Les étoiles mauves

Quand je dis à mes plus jeunes que je les aime, j’essaie toujours de le faire de manière à ce qu’ils comprennent que je les aime beaucoup. Leur dire que je les aime gros comme toute la terre, c’est bien beau mais bien abstrait pour un petit pour qui le monde se limite à la maison et au jardin. Parfois je dis aux petits que je les aime gros comme une maison ou un camion de pompier. Puis en gradissant, la maison devient trop petite et je les aime gros comme une montagne. Puis on rigole, je les aime gros comme une montagne de camions de pompier et ainsi de suite.

Moyen bonhomme

Hier en couchant mon petit bonhomme — qui est en fait mon moyen bonhomme maintenant que j’ai un encore-plus-petit bonhomme — je lui ai dis que je l’aimais gros comme un camion de pompier mais c’était nettement insuffisant. Il a commencé à m’expliquer:

– Non, gros comme les étoiles mauves!

Les étoiles mauves?

– Oui, les étoiles mauves qui son très, très loin dans l’espace. Elles sont tellement loin que ça prend dix… euh, dix ANNÉES pour y arriver! Tu m’aimes gros comme une montagne aussi haute que les étoiles mauves!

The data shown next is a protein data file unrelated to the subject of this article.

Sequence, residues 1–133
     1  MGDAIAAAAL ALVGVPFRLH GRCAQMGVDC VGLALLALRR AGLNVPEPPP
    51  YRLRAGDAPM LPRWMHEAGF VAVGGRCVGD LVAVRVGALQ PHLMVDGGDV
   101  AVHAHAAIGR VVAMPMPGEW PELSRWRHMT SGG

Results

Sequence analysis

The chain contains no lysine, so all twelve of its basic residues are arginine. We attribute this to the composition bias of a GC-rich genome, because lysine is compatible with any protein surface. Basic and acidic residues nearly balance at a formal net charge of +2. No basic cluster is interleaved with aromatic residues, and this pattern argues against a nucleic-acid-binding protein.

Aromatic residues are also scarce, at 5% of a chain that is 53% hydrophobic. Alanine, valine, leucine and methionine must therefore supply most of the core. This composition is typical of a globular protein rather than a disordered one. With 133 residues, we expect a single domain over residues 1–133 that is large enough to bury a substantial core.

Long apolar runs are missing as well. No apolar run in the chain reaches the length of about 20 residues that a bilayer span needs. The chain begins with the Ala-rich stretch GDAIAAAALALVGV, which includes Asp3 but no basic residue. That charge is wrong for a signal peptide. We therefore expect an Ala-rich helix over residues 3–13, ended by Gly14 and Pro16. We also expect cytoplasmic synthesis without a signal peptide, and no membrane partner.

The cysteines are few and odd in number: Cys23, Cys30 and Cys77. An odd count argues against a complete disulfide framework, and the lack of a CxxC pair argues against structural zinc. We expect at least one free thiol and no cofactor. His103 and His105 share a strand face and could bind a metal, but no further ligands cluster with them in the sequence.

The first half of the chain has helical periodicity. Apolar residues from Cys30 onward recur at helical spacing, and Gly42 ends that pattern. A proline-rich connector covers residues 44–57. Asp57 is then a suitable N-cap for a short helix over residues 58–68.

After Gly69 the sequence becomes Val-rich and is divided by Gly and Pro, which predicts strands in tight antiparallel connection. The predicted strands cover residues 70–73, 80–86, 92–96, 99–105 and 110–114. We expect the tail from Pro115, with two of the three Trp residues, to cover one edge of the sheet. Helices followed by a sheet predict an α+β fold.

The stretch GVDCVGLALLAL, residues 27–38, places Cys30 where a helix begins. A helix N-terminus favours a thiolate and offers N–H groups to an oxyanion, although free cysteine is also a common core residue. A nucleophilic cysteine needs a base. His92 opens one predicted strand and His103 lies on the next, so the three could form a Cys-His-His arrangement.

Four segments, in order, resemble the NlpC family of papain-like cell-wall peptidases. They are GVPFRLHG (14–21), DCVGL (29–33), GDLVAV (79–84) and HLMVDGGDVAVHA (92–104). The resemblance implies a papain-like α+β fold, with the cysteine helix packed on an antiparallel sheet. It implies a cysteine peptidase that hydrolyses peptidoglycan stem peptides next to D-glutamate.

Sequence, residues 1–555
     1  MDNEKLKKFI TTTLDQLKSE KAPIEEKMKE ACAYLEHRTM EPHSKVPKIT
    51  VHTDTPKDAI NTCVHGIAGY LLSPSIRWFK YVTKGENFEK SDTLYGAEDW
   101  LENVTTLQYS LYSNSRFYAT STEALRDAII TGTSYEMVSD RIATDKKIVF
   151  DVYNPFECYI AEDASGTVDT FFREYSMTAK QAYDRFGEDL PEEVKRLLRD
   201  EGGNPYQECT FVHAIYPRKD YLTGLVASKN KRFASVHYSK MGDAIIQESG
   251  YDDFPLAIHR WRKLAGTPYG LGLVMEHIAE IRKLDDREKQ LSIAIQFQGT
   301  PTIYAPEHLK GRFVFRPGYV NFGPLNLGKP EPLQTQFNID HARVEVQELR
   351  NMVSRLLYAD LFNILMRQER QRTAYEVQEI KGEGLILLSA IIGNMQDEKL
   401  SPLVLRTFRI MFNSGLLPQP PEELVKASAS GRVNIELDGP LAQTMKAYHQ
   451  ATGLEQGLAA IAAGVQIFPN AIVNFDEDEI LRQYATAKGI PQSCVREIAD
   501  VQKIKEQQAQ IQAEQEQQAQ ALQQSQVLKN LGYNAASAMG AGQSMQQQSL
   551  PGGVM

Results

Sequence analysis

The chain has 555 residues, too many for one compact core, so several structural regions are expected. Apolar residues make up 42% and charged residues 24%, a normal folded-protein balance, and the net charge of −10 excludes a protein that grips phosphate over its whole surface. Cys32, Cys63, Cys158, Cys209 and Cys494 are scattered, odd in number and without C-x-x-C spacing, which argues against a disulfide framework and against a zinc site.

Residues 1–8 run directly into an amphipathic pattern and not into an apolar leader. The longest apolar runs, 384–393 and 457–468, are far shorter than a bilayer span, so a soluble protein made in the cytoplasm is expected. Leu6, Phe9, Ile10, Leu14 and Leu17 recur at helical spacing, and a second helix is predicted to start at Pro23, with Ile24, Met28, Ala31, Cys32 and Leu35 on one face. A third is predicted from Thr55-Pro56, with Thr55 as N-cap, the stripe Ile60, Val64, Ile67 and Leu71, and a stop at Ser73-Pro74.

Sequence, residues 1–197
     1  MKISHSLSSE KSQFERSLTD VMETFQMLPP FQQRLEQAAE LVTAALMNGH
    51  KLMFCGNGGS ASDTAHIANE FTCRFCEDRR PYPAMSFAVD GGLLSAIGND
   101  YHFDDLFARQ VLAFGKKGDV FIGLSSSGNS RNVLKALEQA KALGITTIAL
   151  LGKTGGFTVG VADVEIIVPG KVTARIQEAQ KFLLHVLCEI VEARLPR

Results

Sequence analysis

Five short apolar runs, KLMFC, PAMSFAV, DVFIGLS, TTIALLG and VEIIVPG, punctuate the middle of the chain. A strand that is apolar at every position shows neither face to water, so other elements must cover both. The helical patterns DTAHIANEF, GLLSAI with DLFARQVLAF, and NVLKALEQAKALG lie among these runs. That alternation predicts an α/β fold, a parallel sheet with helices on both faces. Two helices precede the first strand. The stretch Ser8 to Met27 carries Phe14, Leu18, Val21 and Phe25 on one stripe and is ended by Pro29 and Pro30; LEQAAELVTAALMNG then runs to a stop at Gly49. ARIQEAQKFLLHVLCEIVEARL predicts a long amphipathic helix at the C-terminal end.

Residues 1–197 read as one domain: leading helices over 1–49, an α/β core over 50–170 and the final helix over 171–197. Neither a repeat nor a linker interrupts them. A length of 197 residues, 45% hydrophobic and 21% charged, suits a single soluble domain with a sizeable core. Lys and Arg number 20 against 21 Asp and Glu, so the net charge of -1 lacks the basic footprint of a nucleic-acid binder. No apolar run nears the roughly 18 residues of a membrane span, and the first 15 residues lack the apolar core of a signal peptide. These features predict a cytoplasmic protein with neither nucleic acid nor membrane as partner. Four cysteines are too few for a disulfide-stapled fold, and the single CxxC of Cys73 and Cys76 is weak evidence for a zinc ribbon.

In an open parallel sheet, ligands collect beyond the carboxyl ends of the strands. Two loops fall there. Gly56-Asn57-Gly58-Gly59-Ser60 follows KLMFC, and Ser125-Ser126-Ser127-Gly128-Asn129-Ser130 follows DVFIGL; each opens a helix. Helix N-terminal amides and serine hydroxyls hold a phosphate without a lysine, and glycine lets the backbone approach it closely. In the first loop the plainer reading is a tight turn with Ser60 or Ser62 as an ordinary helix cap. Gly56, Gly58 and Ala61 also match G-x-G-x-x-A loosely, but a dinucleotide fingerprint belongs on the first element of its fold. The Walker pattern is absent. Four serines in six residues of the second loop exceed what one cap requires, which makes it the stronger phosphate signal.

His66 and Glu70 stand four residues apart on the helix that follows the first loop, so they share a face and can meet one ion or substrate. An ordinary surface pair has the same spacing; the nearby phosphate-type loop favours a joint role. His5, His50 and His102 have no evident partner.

C’est bien de se savoir aimé loin comme les étoiles mauves! Et il me le rend bien: la semaine dernière, il m’a annoncé que j’étais sa maman préférée. Compte tenu des options, j’étais touchée. Mais ce n’est pas tout. Il m’a aussi dis que j’étais aussi jolie que Taylor Swift. Alors là!

Taylor Swift

Teenagers: Learning from their mistakes pt 2

I concluded my previous post on teens and discipline by telling you about the essay as a discipline tool. You can find part 1 of Learning from their mistakes here.

Have you ever sent a child to her room to think about what she’d done? Do you really think, while she’s there, that she is pondering on the great wrong she’s done to you? If you do, I hate to burst your bubble. Your child is more likely reflecting on how great a victim she is. Assuming she is not reading, sleeping, surfing the Net or watching TV (but your children don’t have TV in their room, right?? If they do, we must have words). Let’s be honest: when we send a child to their room to “think”, what we are really saying is:

I’m really annoyed by your behaviour, please get out of my space while I regain my composure.


The result of sending a child to his room may not always be as intended but we are on to something with the idea of reflecting on one’s behaviour and understand where it failed. The problem with “go to your room” is that we are not nurturing our children’s budding moral development by shooing them off to “think” by themselves.

When it comes to teenagers, the development of a reliable sense of right and wrong is essential and time sensitive: a teenager in grade 10 (15-16) could be moving out to study in 2-3 years. If they are not learning self-control, impulse-management and developping a moral fiber, they can be in for a world of trouble. When I tell my teenagers to “go think about what you’ve done” I mean it in a way I may not have meant when they were little.